Searching! Can it be simplified and if so, where do you commence and in which direction do you head? To assist with this process the following table demonstrates –
|Search Terms & Boolean Operators||Search Engine & Database||Results|
|Inquiry based learning||Google – 10 million results – reviewed first 10 results||
|Inquiry based learning||Google Scholar – 175K – reviewed first 10 results||
|At this stage I refined the parameters of the search using Boolean and introduced another element from the mind map – information technology.|
|“inquiry based learning” AND “information literacy”||Google Scholar – 707 – reviewed first 10 results||
|“inquiry based learning” AND “information literacy”||A+ Education – 5 results – only 2 results covered areas in my mind map||
|My mission is to use the existing phrases and parameters and now introduce “enquiry” into the search.|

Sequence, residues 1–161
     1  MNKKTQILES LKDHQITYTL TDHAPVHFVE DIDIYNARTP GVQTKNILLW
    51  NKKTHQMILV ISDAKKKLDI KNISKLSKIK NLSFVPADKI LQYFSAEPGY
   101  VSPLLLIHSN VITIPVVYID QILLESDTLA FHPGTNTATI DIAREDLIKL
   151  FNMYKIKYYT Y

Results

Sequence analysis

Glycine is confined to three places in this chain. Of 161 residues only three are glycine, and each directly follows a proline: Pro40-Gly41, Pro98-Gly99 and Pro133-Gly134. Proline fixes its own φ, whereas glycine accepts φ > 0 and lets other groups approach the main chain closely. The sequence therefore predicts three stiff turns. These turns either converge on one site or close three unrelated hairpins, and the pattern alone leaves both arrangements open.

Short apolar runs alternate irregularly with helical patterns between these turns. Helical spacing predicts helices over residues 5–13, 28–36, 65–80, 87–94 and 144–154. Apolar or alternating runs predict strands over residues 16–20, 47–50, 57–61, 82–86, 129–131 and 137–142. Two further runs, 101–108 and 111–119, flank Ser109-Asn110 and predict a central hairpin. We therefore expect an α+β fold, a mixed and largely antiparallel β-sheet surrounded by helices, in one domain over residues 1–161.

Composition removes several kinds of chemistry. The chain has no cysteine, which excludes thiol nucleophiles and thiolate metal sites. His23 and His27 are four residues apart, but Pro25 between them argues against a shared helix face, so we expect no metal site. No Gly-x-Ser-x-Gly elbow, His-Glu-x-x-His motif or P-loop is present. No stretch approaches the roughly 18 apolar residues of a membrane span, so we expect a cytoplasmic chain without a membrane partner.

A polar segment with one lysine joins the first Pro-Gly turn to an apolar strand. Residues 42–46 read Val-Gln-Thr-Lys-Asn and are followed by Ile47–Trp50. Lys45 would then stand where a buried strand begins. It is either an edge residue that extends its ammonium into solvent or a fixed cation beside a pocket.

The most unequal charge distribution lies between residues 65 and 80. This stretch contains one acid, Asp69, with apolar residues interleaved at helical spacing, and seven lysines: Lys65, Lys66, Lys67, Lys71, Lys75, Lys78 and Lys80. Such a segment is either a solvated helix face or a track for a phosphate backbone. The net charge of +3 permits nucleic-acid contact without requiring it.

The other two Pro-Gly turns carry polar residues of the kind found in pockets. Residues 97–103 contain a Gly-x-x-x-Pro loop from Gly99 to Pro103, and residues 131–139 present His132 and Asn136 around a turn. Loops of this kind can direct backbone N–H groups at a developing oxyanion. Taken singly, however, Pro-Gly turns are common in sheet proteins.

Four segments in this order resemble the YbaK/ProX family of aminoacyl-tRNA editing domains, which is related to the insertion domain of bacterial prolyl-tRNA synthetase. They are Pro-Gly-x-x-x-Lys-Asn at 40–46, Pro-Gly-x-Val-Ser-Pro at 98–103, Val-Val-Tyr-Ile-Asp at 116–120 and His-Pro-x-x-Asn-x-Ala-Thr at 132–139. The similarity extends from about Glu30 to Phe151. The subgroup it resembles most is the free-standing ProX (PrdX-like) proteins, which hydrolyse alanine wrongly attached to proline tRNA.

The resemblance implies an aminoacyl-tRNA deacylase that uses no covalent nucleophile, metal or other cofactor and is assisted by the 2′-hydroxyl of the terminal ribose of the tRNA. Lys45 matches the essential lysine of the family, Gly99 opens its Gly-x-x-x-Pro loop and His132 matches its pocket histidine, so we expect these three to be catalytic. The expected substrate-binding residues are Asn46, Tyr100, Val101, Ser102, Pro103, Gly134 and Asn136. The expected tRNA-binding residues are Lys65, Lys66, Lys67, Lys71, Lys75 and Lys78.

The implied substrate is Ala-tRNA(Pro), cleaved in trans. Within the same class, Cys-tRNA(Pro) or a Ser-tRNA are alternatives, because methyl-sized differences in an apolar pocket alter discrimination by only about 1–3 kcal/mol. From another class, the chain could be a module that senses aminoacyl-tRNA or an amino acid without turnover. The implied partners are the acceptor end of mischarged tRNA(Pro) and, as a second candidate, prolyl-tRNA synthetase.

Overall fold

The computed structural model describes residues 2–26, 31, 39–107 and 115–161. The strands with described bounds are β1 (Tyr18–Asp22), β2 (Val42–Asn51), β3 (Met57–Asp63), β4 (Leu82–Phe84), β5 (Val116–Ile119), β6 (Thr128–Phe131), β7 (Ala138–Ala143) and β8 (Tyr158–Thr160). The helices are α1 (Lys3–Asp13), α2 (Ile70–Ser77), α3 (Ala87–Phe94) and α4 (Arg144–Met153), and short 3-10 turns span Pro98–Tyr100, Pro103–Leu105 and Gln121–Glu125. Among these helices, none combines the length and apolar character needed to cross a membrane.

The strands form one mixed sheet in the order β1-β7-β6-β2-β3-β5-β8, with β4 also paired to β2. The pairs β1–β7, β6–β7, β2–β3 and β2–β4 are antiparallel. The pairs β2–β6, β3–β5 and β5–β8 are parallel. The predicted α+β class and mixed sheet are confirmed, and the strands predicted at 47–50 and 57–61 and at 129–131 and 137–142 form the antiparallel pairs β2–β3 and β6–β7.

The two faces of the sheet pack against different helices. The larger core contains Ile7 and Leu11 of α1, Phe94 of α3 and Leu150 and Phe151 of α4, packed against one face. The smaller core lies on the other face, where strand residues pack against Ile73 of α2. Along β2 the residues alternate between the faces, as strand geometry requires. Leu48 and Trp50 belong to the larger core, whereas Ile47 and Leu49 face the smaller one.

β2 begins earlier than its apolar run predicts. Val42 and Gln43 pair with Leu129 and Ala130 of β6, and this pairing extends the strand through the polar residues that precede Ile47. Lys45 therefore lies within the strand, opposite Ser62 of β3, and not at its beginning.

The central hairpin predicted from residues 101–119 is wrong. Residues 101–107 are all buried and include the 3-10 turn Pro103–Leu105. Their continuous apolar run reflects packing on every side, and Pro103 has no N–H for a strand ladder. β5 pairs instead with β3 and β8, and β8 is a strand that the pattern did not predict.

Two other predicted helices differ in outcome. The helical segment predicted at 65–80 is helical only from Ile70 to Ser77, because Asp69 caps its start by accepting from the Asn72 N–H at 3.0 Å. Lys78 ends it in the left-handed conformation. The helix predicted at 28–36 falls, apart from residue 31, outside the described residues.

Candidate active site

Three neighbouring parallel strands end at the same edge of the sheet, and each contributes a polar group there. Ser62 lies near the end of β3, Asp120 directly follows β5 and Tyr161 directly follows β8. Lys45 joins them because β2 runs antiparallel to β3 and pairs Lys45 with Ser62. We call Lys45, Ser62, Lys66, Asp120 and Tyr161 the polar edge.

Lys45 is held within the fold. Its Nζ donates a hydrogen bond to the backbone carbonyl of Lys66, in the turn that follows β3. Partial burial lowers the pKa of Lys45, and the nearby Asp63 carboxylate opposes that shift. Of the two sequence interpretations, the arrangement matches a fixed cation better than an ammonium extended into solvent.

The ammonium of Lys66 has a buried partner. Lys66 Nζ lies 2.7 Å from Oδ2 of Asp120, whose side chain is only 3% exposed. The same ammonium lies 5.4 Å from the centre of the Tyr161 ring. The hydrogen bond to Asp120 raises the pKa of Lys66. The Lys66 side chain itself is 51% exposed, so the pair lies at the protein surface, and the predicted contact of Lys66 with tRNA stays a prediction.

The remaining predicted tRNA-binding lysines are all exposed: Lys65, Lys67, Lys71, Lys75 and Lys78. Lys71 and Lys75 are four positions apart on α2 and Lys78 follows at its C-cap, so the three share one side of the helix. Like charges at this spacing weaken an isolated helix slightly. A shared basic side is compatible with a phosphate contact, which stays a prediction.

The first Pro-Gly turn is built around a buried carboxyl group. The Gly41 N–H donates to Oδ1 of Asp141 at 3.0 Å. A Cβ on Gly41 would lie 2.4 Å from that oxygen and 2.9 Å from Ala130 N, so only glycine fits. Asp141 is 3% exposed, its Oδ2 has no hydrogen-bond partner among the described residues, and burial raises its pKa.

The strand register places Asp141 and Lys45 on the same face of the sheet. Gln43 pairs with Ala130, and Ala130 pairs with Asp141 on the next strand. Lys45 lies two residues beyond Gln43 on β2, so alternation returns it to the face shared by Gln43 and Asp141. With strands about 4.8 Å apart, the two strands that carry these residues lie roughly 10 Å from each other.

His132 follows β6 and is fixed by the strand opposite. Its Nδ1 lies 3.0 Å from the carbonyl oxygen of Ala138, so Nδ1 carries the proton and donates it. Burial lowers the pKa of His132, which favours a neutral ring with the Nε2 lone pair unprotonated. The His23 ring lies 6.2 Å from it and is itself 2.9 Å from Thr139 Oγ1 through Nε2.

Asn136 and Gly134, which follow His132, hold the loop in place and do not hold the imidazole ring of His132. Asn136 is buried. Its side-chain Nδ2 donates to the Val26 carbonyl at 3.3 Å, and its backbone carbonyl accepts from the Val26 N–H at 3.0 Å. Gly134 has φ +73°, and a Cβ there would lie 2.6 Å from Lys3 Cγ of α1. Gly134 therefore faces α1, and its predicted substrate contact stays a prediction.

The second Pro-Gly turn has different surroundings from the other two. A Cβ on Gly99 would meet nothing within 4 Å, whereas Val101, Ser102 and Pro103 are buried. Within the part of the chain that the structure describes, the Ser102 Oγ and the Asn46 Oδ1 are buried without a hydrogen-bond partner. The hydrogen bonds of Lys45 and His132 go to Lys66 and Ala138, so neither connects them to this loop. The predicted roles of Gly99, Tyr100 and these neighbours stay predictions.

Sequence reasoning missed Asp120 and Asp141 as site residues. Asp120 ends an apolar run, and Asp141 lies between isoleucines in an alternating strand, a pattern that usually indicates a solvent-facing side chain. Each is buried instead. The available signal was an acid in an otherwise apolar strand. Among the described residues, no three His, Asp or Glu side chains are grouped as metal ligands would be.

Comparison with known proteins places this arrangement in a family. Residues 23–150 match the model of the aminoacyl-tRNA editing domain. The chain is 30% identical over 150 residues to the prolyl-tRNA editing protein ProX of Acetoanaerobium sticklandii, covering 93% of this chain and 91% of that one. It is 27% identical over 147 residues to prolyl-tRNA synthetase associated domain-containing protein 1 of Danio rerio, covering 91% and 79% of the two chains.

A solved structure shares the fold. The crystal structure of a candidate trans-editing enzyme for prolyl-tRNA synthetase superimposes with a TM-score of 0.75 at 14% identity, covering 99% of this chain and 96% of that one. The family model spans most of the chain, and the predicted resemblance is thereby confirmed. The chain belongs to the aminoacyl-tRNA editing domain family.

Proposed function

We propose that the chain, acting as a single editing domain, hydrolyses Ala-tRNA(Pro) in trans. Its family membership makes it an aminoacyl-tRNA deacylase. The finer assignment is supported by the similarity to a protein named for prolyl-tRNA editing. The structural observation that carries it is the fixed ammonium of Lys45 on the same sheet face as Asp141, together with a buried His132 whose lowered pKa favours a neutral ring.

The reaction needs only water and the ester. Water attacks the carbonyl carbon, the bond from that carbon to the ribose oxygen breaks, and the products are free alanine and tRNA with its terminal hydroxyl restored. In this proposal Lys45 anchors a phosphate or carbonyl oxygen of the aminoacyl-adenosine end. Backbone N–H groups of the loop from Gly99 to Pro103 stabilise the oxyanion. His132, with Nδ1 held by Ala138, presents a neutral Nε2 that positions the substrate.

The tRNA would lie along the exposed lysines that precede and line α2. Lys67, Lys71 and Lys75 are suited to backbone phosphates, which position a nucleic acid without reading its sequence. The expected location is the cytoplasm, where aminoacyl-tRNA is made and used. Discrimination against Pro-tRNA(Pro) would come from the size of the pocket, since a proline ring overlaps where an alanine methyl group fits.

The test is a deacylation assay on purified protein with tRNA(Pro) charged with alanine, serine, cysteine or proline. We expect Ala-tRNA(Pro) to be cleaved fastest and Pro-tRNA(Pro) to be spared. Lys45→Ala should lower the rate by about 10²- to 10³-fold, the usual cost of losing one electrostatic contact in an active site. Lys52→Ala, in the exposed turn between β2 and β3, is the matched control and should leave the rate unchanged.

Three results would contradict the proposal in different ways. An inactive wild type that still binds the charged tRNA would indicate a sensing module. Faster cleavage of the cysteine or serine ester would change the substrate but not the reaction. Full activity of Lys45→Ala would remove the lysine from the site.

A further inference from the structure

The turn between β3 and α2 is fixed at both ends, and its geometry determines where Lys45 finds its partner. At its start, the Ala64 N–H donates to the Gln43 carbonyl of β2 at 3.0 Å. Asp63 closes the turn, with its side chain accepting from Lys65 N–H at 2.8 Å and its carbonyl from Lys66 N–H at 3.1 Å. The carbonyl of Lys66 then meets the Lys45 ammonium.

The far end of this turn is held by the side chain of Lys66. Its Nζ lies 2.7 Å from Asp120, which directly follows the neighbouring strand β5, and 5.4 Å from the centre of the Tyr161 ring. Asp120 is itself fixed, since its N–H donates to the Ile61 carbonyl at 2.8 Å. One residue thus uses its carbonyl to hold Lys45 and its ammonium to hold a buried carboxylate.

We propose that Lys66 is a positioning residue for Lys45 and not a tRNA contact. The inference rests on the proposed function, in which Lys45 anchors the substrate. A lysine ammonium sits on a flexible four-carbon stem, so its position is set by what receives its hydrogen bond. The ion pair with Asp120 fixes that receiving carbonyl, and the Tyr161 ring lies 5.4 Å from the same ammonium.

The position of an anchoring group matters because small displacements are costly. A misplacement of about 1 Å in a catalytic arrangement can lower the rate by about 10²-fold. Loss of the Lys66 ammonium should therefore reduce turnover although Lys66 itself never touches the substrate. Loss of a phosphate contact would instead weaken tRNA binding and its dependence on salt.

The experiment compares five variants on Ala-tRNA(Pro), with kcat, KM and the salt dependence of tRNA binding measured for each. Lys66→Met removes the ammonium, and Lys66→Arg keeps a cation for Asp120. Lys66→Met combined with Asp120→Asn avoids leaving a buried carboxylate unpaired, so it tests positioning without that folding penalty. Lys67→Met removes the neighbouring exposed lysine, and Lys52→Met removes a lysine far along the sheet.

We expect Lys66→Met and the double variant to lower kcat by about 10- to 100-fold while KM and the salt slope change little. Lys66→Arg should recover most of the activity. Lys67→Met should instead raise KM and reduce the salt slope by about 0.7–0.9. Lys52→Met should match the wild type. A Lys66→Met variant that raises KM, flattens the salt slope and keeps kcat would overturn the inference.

|“inquiry based learning” OR “enquiry based learning” AND “information literacy”||ProQuest – 11 educational databases searched with 2896 results – 18th result||
|Introducing enquiry into the equation blew out the results. Back to the previous search.|
|“inquiry based learning” AND “information literacy”||ProQuest – 11 educational databases searched with 220 results – majority of results referred to school based research||
|“inquiry based learning” AND “information literacy” NOT “schooling”||ProQuest – 11 educational databases searched with 177 – 28th result (usually I don’t go beyond first page of results||